Knowing how to store vegetables can make a difference of not just days, but whole weeks of fresh vegetables that are ready for cooking or chopping up into a salad. The trick is mainly about understanding your vegetable storage options: where to put them, the temperature requirements for different veggies, and knowing which vegetables make others go off (yes, that's a thing). Follow these guideline to store your vegetables the correct way.
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Knowing how to store avocados is essential if you're looking to make the most of this super tasty fruit (bet you didn't know that the avocado is a fruit?). After all, avocados aren't exactly cheap, so you'll want to ensure they're enjoyed to their full potential, while also reducing your food waste.
When it comes to storing onions, chances are you're either team cupboard or team fridge. A divisive subject, but we're here to end the debate about how to store onions once and for all. This will not only ensure they stay fresher for longer, ultimately improving the taste of your food, but will also help you reduce food waste in the long run – which is great news.
If you're tired of discovering rotten, or sprouting, potatoes only a few days since they were purchased, or want to know once and for all whether potatoes belong in the fridge or the cupboard, you've come to the right place. We'll deliver definitive answers on how to store potatoes and help you reduce food waste in the process.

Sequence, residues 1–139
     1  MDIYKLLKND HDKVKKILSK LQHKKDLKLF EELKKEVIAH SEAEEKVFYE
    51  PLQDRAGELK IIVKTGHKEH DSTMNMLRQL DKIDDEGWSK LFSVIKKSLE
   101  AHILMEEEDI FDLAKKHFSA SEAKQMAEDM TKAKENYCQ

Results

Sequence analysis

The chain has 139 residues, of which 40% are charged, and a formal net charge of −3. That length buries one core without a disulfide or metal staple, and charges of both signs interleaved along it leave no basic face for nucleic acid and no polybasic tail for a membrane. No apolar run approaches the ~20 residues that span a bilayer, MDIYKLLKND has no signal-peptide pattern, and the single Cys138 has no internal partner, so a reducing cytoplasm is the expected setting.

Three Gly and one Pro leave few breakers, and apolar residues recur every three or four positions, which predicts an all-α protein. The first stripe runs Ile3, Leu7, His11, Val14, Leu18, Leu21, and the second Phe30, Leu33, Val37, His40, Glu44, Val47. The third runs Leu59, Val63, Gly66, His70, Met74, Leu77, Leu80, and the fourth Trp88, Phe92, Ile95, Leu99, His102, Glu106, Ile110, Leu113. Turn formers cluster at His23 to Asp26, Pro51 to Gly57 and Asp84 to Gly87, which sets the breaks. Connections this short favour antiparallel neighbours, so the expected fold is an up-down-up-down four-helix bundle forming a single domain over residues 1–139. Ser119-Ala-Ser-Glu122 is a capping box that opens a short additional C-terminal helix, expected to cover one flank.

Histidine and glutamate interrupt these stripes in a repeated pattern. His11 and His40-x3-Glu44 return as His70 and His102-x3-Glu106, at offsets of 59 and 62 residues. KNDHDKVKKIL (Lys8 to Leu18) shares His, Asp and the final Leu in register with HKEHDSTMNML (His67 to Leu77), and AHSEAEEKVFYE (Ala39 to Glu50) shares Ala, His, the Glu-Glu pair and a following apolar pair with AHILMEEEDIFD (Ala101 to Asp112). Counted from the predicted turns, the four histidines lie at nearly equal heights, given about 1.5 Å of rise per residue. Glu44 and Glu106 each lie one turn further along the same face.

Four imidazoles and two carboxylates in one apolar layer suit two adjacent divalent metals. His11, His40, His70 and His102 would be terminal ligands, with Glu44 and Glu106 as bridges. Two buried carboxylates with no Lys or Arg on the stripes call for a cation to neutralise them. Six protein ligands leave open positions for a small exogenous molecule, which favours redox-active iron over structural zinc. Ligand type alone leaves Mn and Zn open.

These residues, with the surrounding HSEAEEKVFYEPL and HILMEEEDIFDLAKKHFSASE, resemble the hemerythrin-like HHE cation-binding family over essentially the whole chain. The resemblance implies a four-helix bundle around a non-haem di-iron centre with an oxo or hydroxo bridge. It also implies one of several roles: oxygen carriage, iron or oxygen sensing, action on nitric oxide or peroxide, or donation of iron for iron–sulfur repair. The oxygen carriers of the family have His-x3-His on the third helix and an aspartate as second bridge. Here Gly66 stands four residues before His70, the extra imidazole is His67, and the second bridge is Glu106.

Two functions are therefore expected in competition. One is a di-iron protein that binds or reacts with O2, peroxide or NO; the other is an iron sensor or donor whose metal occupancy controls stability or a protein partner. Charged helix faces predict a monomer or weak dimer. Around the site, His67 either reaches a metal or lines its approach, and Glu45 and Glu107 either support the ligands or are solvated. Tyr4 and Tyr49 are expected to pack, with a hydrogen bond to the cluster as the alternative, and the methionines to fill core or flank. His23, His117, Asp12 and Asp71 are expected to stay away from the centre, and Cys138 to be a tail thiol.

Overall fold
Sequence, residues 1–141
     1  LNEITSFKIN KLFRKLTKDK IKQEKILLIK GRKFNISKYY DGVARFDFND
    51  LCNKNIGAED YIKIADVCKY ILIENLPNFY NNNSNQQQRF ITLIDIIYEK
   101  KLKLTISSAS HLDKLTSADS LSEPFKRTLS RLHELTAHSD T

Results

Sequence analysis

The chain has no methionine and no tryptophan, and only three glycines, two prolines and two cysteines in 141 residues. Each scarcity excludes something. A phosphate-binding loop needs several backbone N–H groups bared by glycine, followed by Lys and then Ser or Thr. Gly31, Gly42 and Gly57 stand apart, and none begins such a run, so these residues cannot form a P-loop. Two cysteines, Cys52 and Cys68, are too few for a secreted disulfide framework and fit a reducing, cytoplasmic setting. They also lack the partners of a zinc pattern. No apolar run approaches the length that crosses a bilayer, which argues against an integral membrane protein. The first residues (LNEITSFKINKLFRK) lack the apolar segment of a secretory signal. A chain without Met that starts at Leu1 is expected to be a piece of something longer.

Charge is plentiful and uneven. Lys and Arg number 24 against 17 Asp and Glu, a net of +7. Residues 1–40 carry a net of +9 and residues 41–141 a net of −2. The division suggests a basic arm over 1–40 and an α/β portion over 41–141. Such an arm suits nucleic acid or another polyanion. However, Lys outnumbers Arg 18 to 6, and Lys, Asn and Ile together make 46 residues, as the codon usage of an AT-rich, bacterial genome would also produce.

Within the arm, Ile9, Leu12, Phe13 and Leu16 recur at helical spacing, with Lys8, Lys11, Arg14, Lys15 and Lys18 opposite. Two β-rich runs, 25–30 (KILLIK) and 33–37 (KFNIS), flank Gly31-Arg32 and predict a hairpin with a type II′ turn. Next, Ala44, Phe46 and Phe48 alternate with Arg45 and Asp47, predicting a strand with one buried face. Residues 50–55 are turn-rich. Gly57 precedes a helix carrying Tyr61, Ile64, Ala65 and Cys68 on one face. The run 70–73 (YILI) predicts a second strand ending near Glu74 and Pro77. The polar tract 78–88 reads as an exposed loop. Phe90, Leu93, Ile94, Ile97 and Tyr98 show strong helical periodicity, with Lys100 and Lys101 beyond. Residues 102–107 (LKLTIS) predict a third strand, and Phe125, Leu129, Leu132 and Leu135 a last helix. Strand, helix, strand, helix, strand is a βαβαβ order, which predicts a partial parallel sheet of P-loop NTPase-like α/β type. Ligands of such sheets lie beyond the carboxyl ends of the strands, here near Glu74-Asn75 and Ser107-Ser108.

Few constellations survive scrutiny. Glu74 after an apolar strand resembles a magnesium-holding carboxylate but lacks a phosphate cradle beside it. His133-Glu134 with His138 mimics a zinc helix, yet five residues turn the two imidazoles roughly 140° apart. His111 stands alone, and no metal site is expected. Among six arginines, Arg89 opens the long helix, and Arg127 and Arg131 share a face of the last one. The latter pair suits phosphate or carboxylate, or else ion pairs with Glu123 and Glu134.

Do fresh vegetables need to be refrigerated?
The biggest debate is around storing vegetables in the fridge vs. storing them in a pantry or cellar.
Fresh vegetables that contain lots of water and that are prone to wilting such as lettuce, celery, spinach and the likes (more on this below) will be better off in the fridge.
Then we say: if you are lucky to have a basement or cellar, store all your root veggies (potatoes, carrots, parsnips) and gourds there. The cool, dark environment is perfect for this type of vegetable. Having said that, there's nothing wrong with storing your vegetables in the veggie drawer of your fridge: despite claims that potatoes taste funny when kept in the fridge, we've not found that to be the case.
How to store soft vegetables
Vegetables with soft or spongy flesh, notably tomatoes (technically a fruit, in fact) tomatoes and aubergines, should always be stored at room temperature, out of direct light. However, salad leaves such as lettuce and spinach, should be stored in the fridge for best results, as should be herbs that will wilt in a matter of hours if not refrigerated.
It's by no means a scientific method, but if it's green, it's best to store it in the fridge. If it's any other colour, it'll probably do best at room temperature.
Mushrooms should also be stored in the fridge – they're not technically a vegetable and will spoil quickly if not kept cool.